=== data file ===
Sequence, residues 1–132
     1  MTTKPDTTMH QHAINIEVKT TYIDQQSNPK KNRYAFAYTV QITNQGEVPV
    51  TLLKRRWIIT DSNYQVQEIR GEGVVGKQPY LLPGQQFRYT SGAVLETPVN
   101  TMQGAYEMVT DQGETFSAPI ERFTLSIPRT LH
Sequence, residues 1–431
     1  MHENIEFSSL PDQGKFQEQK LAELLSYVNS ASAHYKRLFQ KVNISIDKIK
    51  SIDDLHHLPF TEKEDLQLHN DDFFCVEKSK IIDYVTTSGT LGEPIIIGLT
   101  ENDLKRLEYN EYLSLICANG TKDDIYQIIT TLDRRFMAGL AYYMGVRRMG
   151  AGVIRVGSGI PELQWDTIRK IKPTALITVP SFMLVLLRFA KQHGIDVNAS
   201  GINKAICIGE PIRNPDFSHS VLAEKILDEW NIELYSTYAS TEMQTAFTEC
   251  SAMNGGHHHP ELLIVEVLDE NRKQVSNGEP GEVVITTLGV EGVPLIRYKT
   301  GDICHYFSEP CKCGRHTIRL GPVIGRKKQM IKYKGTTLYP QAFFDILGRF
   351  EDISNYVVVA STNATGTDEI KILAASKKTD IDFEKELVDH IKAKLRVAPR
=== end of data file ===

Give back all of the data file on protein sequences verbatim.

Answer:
Sequence, residues 1–132
     1  MTTKPDTTMH QHAINIEVKT TYIDQQSNPK KNRYAFAYTV QITNQGEVPV
    51  TLLKRRWIIT DSNYQVQEIR GEGVVGKQPY LLPGQQFRYT SGAVLETPVN
   101  TMQGAYEMVT DQGETFSAPI ERFTLSIPRT LH
Sequence, residues 1–431
     1  MHENIEFSSL PDQGKFQEQK LAELLSYVNS ASAHYKRLFQ KVNISIDKIK
    51  SIDDLHHLPF TEKEDLQLHN DDFFCVEKSK IIDYVTTSGT LGEPIIIGLT
   101  ENDLKRLEYN EYLSLICANG TKDDIYQIIT TLDRRFMAGL AYYMGVRRMG
   151  AGVIRVGSGI PELQWDTIRK IKPTALITVP SFMLVLLRFA KQHGIDVNAS
   201  GINKAICIGE PIRNPDFSHS VLAEKILDEW NIELYSTYAS TEMQTAFTEC
   251  SAMNGGHHHP ELLIVEVLDE NRKQVSNGEP GEVVITTLGV EGVPLIRYKT
   301  GDICHYFSEP CKCGRHTIRL GPVIGRKKQM IKYKGTTLYP QAFFDILGRF
   351  EDISNYVVVA STNATGTDEI KILAASKKTD IDFEKELVDH IKAKLRVAPR